Monsters in the Closet Dec. 24, 2020

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Monsters in the Closet

Stories in Stone -The Columbia County Independent

Feb. 2004

Updated by Robert and Johanna Titus


We don’t know what it is about this time of the year, but we seem to start finding silverfish around the house, especially in our closets. What attracts them? We don’t know; they are just bugs, who can explain them.

Well, in fact, they are not just bugs. If you have a problem with silverfish do what we did. Stop for a moment and take a good look at them. They are, in fact, something quite special. If you can, get one to slow down long enough to look at carefully, you will see something very interesting. That’s a tough thing to do as they love to scurry around very quickly and don’t like to stop to be looked at. We recommend some bug spray, after all, it is the interest of science (and a bug-free home). Anyway, once you get one to stop moving you will quickly see that they are not like other insects. They do have six legs as all good insects should, but that is about it. Silverfish do not have wings and most insects do have wings. That’s a very primitive trait among insects.

Once you get one to stop moving you can see what they look like. They might remind you of little scorpions, but that is superficial. They have a series of silver-colored scales running the length of their backs, hence the name silverfish. There are two bristly antennae up front and what looks like three more behind. That’s why they are sometimes called bristletails. They do have six legs as do all proper insects., but that’s about it. All in all, you don’t have to know much invertebrate zoology to tell that silverfish are very primitive insects, they just look it, and that’s why they are so special.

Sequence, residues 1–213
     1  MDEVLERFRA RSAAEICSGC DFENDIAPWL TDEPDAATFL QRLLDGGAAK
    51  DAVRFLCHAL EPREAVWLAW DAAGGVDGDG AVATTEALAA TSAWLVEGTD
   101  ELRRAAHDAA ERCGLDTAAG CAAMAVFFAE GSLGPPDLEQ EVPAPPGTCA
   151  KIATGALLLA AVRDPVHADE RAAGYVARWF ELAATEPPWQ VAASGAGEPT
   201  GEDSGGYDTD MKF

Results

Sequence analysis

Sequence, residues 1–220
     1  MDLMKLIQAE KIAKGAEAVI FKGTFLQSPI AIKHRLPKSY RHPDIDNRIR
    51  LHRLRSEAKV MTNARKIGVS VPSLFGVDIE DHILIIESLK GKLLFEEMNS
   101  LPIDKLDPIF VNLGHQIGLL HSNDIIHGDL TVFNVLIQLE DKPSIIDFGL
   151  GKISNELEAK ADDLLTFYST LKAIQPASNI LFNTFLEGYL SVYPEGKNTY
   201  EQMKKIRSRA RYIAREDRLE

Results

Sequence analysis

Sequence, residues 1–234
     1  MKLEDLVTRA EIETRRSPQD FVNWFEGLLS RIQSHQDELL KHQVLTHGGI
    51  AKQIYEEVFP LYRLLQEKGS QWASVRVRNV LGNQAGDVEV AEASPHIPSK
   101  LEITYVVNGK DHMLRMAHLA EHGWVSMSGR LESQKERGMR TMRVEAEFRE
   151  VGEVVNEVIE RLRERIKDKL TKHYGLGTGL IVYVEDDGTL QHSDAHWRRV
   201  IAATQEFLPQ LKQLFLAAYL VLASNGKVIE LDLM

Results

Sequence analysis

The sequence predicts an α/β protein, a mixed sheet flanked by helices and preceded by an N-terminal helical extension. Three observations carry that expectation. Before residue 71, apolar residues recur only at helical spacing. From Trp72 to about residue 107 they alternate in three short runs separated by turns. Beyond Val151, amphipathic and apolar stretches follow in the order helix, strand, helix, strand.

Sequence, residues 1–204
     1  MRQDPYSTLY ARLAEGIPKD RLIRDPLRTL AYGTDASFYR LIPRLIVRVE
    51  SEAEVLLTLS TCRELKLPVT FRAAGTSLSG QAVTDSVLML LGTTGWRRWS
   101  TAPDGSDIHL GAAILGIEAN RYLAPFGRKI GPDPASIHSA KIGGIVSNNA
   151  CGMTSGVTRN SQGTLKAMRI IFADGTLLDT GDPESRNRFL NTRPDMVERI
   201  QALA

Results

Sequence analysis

You see, silverfish belong to a very ancient and primitive group of insects. Most insects have wings, four of them in fact, but the silverfish have none at all. Nor do any of their ancestors; the lineage extends back to before insects evolved wings. And when we say extends back, we mean a long, long time. Silverfish date back to the Devonian time period. Around here that’s important as all of our local bedrock is Devonian in age. As luck would have it, most of our sedimentary rocks were deposited in a terrestrial setting, one where insects abounded. This was the Gilboa Forest of the Catskill Delta complex.

The land of Gilboa was, like any great delta, a morass of forests, lakes, ponds, swamps and rivers. It was tropical in climate and it must have been a lush environment, perfect for insects. And it is rich in fossils, including insects, not terribly different from silverfish.

Creatures like silverfish have a special place in the hearts of paleontologists. We call them “living fossils” and that’s a good term. They have evolved so slowly and so very little that they remain virtually unchanged from their ancient ancestors of nearly 400 million years ago.

Living fossils are like keyholes into the past. We can look at them and see creatures as existed in the ancient past. In this case silverfish speak to us of the early ancestry of insects. These are the insects that first lived on the lands of the distant past, long before they evolved an ability to fly, chirp, sting, ruin picnics, and all the other things that modern insects do. We paleontologists love to see living fossils; they give us a firsthand look at the past.

Some people are proud to be able to trace their ancestry back to the Mayflower. That gives their families a 400-year history in America. We guess that is nothing to sneer at, but silverfish can trace their American ancestry back 400 million years. It may be humbling to see in these bugs, and primitive bugs at that, such a blue-blooded heritage.

So why are these monsters of the past so common in our closets. Well, it happens to be that they love eating the starch that is found in paper. We took another look back into our closets and found old copies of the Independent. It would seem that our newspaper is not just food for the mind.

Contact the authors at Join their facebook page “The Catskill Geologist.”

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